Russia has dramatically stepped up its air campaign against foes of President Bashar al-Assad, with heavy bombing by warplanes and cruise missile strikes from the Caspian Sea. Moscow says it is striking the Islamic State (IS) jihadist organization and “other terrorists”. Using Sukhoi Su-34, Sukhoi Su-24M and Sukhoi Su-25, the Russians have succeeded in hitting IS strongholds near populated areas in Homs province, and 11 training camps linked to the group in Hama and Raqa provinces. The Russian air campaign has provided cover for Assad’s ground troops, who had lost swathes of the north, east, and south of the country to jihadists and rebel groups since the conflict erupted in 2011.
By deciding to boldly meddle in the affairs of Syria, Russian President Vladimir Putin looks as if he had pulled off a masterful power play in the Middle East. At least, his posture at the podium of the United Nations’ just ended Assembly seems to suggest so. Sunni factions already fighting in Syria are now extremely furious over Russian attempts to bolster the Assad regime. And so are the traditional financial patrons of militant Islam in the Middle East as well as Western powers, including the US. The Saudis have now openly called for an end to Russian airstrikes. One US-backed rebel faction, Suqur al-Jabal (Falcons of the Mountain), has accused Russian warplanes of destroying its arms depots and wounding several of its fighters.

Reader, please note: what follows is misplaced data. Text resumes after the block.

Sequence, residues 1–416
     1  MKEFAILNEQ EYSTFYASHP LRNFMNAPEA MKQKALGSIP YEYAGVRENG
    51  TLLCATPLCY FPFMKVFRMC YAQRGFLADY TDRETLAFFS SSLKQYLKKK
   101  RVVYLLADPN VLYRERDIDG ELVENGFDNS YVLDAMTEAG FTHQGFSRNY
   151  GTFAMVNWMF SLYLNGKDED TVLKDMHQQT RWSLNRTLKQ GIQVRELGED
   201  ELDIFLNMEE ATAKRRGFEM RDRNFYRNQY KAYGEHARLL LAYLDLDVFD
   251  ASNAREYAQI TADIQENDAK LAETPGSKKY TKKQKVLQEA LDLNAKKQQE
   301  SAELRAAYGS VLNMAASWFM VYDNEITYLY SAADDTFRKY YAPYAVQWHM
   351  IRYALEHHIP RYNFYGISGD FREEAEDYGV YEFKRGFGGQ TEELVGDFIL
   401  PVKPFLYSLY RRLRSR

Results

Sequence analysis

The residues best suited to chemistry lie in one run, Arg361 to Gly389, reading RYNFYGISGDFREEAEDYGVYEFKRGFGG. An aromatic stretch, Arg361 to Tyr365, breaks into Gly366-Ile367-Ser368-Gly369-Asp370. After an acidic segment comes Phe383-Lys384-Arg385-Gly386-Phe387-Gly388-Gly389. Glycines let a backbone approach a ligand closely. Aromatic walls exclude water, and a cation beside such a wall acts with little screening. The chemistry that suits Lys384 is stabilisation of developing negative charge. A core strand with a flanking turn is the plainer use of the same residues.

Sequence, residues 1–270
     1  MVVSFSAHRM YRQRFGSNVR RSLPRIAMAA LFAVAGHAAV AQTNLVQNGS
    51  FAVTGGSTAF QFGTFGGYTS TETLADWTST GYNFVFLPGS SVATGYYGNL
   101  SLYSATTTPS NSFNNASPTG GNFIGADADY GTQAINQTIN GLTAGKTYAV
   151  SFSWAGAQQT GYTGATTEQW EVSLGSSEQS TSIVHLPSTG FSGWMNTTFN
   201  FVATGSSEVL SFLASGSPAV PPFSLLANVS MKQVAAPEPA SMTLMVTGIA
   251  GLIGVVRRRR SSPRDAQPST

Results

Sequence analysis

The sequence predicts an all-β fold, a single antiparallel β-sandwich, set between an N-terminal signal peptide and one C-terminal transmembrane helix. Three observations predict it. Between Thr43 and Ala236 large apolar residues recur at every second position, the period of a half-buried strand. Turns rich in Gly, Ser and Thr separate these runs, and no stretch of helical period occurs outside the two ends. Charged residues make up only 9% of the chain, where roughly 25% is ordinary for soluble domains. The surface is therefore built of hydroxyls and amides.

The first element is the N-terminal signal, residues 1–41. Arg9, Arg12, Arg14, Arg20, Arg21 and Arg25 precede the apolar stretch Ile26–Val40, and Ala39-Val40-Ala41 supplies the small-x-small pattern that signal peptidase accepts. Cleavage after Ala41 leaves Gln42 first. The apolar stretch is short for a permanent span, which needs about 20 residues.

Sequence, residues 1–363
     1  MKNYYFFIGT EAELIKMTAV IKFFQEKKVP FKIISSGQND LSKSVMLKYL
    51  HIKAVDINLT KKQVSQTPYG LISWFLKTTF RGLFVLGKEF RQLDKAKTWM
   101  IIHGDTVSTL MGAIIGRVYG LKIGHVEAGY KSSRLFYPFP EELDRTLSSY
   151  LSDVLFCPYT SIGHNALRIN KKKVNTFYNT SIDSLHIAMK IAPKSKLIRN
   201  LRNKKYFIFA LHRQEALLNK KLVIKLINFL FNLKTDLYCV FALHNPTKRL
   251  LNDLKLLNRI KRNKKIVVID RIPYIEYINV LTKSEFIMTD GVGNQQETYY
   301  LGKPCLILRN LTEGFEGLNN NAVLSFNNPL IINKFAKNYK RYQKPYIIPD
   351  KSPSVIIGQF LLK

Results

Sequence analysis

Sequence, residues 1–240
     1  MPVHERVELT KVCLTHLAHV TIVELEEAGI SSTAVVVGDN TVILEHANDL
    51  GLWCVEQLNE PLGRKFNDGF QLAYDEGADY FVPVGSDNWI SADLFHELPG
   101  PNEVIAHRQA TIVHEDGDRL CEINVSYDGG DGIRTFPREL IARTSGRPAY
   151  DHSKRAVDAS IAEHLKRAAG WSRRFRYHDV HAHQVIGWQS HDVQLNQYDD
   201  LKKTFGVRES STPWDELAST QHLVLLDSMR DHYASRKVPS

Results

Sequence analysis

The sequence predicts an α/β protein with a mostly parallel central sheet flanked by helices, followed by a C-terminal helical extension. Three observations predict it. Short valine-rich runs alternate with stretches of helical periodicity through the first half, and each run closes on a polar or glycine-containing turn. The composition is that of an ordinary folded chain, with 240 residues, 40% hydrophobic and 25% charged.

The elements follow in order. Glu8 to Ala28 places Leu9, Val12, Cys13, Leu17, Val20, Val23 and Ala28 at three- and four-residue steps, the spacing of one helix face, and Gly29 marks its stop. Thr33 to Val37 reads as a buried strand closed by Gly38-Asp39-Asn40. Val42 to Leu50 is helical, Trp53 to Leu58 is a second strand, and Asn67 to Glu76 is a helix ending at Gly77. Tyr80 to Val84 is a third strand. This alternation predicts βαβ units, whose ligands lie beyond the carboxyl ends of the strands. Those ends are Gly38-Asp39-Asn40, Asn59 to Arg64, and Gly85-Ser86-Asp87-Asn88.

Both the US and NATO, who are carrying out their own air war against ISIS in Syria and Iraq, have voiced alarm at Moscow’s escalating military activity in the country, accusing Moscow of targeting Western-backed moderate rebels and seeking to prop up the regime of President Bashar al-Assad, a longtime Russian ally. Putin has hit back at the West, criticizing Washington for refusing to share intelligence with Russia on Syria and accusing it of muddled thinking.
Truly, on the Syrian question, Putin has been smarter, more pragmatic, and calculatedly realistic. While standing by his longtime ally, Assad, Moscow studied the seemingly misguided approach, adopted by Washington and its allies- the approach that supported anti-Assad forces (in a loose coalition by name ‘Free Syria Army’) with money, intelligence, and logistics. The US Secretary of State, John Kerry, had openly supported the group with $100 million. Most of the weapons, supplied to the group finally fell into the hands of the ISIS. Recently, President Obama had to express regret at this turn of events, promising a revision of the policy. Again, in the resolution of the Syrian question, the US and its Western allies insisted on regime change, stressing that Assad should not play any role in the re-configuration of Syria, a policy that played into the hands of ISIS and their collaborators.